• Desplat's Little Women Score Charms

    After exploring a more modern coming of age story in 2017’s Lady Bird, Greta Gerwig turned her attention to a more period drama expressing the challenges of Alcotts’ March sisters in Little Women.  The critically-acclaimed adaptation received 2 Golden Globe nominations and 6 Oscar nominations.  In both cases, composer Alexander Desplat’s (Adults in the Room, Isle of Dogs, The Shape of Water) score was among them.

    The album opens with a delightful title scherzo of scurrying strings.  The open harmonic ideas here have a style that recalls an approach from Desplat’s earlier days in The Luzhin Defence (2000).  A nice lyrical line wafts across the sort of gentle arpeggio patterns that would become more common later, but these here feel better integrated into the quick shifts and turns of phrase that hint at a more classically-oriented direction.  Thematic threads also help add to the interest of the music as it bubbles along.  (The score has a slightly more “serious” quality than what one hears in say Lunn’s Downtown Abbey work, of which this is a very close cousin; “Telegram”.)  What Desplat captures in his score is a gentle joy and discovery that is like light, impressionistic brushes of color.  While some of his signature minimalist arpeggiations appear throughout the score, it is far more interesting to hear how additional layers of color are added throughout the score.  It provides another way for the ideas to spin forward.  Along the way are some really amazing harmonic points that are striking (especially in “The Beach”).  It is heartwarming and touching without being overly melodramatic.  As the score progresses, there is just one moving, beautiful moment after another recalling some of the composer’s greatest work of the past.  A bit of humor is instilled in the delightful writing of “The Book”.  At the center of the score, things move towards slightly more dramatic writing and hints of darker moments (“Laurie and Jo on the Hill”; “Jo Writes”) (this central section of the score has parallels in Williams’ Stepmom and Marianelli’s Pride and Prejudice).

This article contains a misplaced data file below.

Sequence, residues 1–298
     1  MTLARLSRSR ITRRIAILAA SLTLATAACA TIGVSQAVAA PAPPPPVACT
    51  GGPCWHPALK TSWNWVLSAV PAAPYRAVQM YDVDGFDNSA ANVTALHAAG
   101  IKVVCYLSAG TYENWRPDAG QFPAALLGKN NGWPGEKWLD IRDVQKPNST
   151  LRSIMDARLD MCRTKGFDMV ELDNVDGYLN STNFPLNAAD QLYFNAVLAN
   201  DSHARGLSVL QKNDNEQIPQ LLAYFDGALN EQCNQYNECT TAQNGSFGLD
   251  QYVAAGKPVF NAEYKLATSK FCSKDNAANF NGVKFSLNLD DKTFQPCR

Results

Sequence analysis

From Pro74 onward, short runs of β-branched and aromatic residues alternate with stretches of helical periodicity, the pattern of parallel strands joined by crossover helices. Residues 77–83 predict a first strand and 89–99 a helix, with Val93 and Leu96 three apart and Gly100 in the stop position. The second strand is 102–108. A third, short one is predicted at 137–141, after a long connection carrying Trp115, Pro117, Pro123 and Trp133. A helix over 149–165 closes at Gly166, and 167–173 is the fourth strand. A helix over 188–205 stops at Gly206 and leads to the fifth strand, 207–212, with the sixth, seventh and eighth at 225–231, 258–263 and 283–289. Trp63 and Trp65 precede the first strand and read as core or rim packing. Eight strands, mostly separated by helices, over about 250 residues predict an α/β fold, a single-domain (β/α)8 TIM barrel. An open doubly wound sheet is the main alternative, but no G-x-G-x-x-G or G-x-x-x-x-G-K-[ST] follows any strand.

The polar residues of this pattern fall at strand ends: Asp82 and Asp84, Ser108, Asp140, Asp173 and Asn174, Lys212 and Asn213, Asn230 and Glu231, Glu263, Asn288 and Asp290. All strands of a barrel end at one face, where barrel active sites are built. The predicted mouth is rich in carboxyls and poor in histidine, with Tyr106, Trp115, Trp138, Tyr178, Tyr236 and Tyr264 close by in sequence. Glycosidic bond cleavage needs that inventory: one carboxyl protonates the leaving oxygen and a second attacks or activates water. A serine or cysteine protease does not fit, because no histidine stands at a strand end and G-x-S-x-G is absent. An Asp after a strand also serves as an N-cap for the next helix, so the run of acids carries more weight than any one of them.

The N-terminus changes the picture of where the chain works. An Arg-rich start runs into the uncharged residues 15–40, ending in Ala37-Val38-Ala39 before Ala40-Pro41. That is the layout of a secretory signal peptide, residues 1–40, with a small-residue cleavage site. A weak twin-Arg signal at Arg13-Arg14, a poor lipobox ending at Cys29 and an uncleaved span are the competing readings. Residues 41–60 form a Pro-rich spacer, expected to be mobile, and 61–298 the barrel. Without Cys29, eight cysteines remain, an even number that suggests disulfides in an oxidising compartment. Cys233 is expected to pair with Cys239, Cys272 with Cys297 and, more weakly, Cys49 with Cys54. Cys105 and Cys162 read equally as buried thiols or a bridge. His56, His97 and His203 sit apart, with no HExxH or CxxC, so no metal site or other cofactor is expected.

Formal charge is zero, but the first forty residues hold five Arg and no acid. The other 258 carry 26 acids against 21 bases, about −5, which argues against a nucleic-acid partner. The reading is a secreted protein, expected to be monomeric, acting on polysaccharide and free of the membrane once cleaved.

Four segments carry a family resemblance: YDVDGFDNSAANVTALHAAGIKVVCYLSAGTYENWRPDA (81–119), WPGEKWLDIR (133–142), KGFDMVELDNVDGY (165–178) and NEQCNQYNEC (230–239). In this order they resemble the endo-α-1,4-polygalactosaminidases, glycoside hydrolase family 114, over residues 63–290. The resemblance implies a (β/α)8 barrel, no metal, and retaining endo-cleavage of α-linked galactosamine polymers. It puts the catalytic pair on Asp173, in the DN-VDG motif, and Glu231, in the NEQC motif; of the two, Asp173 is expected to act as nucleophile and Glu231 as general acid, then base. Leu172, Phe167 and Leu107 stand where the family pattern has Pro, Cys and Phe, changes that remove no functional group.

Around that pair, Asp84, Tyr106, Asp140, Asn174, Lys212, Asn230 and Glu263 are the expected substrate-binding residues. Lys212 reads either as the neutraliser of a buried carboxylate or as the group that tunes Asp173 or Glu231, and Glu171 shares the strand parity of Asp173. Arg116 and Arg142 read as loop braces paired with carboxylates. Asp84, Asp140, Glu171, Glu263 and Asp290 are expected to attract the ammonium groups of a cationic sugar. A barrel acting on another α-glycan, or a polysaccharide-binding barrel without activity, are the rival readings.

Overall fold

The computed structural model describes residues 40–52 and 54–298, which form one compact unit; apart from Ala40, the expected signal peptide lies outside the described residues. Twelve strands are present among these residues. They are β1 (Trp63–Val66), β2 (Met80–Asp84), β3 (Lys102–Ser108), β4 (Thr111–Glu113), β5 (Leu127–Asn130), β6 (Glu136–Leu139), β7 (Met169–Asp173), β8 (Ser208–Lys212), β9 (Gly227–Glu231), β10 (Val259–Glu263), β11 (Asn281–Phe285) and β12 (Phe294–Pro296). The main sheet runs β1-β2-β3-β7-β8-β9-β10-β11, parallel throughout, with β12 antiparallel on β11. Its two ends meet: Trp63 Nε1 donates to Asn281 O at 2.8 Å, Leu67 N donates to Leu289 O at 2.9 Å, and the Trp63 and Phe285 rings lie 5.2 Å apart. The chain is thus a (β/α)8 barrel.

Little Women is certainly deserving of the praise it has received.  The score is simply stunning in its blend of colors and unique harmonies and it seems to evolve as the story does as well.  The orchestral style provides plenty of hints to an earlier age, often being more closely aligned to a cross between mid-20th Century English string music with slight nods to the dissonance one finds in lighter Shostakovich (“Dance on the Porch”; “The Book”).  And yet, all of this is part of the wonderful musical tapestry that Desplat explores in this excellent score featuring a prominent piano line, strings, harp, and nice wind colors.

  • Nice RPO Compilation of Modern Film Music



    Hollywood Blockbusters 2, the latest compilation of film music from the Royal Philharmonic, explores scores from the last five years.  The recordings here were captured in two studio sessions; one in December of 2012 and one in January of 2015.  Nic Raine returns to the podium for this interesting collection of arrangements, some his own, some by Paul Bateman, and a host of others.

    Most of the tracks come from more serious dramatic films, but a few unique animation scores show up as well.  The disc opens with “Dragon Racing” from John Powell’s equally delightful sequel score How to Train Your Dragon 2.  Later an interesting little suite from Nick Urata’s Paddington score provides a bit of unusual syncopation and comedy scoring that the orchestra seems to take to quite well, and there is an instrumental of “Let it Go” from Frozen as a penultimate track lending a more pop feel.  That precedes the title Skyfall Bond song from Adele as a fitting close.

    John Williams is featured in three selections from his dramatic scores for Lincoln, The Book Thief—with a beautiful piano opening by Andy Vinter, and War Horse.  These are actually well done with their sweeping themes providing a nice contrast to the tracks they are lodged between.  Johannsson’s beautiful score from The Theory of Everything is represented by the touching “Domestic Pressures” which is contrasted by “Time” from Zimmer’s Inception score.  A brief flirtation with Broadway then occurs from selections to Into the Woods providing a lighter musical diversion.  Music from The King’s Speech offers a glimpse at Desplat’s light and restrained style for a track which takes its name from the film’s title.  Marianelli’s beautiful score for Anna Karenina is represented with the Russian-tinged waltz “Dance With Me.”  Fantasy fans get a brief nod as well with the inclusion of Shore’s moving “Ironfoot” from The Battle for Five Armies which adds chorus.

    What makes this release work is its well-conceived sequencing of musical styles from these contemporary films.  A good sense of individual composer voices is quite discernible throughout.  The choices are engaging and of course excellently performed with gorgeous sound and vibrant interpretations.  It really is yet another of many highlights from the RPO one that will make you want to go back and listen to many of the scores represented here.